Featured in an Old Louisville art space, Light and Shadow literally exists within the architecture of Spencer’s oeuvre, but this installation explores more organic forms. Cyanotype panels contain ghost-like images of ginkgo leaves and moths—I think of the ginkgo trees I’ve seen in local parks, planted along Main Street, and on University of Louisville’s campus. The pattern changes as the panels recede, suggesting shifts in a cycle. Ginkgo leaves become maple and oak leaves. Moths and butterflies change color. The central image is the same on each of the three panels: a large block print of a smiling woman. Her bare shoulders and patterned dress suggest warmth and celebration. Spencer uses these symbols of life and renewal to fill the space, the bright and fluttering swaths of color directly opposed to the cold street outside. The gallery holds a recollection of a different season, something we cannot touch but can only access through the glass of our memory.

Public art encourages, humanizes, and brings together the surrounding community. Sheherazade offers artists like Norman Spencer a platform to do so in a place where a multitude of people converge. I interviewed Julie Leidner to learn more about the history of the space and her vision for its future.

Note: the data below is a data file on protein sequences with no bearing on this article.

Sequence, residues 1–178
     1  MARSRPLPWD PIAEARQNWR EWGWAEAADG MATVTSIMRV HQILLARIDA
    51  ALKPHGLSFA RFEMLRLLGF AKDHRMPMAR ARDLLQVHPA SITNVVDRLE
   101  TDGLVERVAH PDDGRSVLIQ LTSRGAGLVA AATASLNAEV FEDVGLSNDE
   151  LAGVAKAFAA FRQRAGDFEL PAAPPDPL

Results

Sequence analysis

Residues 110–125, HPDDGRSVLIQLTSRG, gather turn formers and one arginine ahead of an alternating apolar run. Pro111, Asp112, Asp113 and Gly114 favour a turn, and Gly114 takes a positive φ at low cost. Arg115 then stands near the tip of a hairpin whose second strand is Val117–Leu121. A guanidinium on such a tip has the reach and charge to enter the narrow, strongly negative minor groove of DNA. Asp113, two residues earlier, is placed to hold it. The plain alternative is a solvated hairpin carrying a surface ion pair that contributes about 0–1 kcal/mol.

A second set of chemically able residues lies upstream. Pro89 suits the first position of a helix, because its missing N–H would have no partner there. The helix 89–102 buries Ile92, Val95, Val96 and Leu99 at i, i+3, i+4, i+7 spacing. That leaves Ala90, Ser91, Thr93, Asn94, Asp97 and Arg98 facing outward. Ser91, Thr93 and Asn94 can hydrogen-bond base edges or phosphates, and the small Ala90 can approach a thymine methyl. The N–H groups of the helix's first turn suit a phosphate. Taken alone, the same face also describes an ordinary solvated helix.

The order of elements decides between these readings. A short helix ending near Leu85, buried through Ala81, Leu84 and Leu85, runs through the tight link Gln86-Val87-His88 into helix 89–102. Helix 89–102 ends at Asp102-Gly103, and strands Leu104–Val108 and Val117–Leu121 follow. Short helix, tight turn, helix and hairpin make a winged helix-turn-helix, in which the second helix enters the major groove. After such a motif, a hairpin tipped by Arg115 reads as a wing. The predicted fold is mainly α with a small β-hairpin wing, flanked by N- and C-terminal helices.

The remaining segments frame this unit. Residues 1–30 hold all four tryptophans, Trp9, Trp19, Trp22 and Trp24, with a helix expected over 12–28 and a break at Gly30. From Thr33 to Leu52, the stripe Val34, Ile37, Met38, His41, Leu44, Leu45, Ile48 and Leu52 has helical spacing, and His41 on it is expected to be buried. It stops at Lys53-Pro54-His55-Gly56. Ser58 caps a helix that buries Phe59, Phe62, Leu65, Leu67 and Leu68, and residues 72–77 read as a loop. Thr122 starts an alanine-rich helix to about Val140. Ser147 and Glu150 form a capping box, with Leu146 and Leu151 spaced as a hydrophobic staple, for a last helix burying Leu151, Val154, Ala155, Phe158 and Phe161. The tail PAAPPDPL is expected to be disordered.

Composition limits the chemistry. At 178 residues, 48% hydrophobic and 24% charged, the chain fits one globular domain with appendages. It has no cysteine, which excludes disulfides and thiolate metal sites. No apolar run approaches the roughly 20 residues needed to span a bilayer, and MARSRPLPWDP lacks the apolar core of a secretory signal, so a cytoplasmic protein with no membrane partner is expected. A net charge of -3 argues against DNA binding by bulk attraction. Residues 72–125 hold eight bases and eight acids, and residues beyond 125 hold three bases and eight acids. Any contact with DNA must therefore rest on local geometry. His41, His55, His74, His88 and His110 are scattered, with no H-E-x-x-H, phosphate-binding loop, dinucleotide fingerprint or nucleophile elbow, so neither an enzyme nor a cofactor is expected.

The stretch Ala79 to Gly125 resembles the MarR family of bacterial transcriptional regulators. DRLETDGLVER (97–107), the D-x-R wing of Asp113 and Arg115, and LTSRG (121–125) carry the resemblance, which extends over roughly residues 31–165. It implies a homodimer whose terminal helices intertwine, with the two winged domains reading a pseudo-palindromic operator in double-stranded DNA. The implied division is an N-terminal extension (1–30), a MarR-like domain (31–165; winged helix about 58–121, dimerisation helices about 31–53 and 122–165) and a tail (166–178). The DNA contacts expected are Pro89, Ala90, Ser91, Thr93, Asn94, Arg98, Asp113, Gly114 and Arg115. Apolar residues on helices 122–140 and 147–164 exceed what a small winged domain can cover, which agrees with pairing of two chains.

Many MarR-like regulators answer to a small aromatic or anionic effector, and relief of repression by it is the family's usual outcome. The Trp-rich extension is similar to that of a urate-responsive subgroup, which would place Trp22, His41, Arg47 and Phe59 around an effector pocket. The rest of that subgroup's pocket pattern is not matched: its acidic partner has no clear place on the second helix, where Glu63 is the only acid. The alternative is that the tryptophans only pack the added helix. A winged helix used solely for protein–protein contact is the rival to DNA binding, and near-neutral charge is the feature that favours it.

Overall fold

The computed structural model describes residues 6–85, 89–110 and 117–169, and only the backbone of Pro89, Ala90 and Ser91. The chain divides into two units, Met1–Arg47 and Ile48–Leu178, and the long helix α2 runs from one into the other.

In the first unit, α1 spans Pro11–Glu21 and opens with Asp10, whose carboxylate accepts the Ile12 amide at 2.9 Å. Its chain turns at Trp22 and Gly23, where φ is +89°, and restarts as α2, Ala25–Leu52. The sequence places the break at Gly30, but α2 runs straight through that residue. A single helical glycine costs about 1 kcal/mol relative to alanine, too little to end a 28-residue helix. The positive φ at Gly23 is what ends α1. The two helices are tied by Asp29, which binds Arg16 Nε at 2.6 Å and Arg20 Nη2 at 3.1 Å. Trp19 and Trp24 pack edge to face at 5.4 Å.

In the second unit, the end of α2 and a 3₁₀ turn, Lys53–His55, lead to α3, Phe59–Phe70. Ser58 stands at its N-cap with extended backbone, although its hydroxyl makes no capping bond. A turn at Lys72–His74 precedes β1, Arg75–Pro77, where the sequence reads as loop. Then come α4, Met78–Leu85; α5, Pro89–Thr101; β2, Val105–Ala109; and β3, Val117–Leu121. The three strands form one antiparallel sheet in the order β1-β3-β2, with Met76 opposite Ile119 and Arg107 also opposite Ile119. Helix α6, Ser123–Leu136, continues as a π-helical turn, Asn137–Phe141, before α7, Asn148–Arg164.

How did you come across this space? To your knowledge, how was it used before?

Sheherazade’s existence is owed largely to my friend Shohei Katayama. The space was previously rented by Shohei. He’s the one that transformed the garage and adjacent room from a raw state into a pristine white gallery space, which he called Thinkbox Contemporary, and he used the back room as his art studio. I was living around the corner on St. James Court, and he was my neighbor. When I found out that Shohei was moving away for grad school, I sort of pounced on the space without really having a clear idea of how I was going to use it.

That was in 2016. It took me a year and a half to settle in and figure out how I would make the space work for me. And while having a combined art studio/art gallery in this space was Shohei’s vision before I came along, Sheherazade is different from Thinkbox and does have its own identity.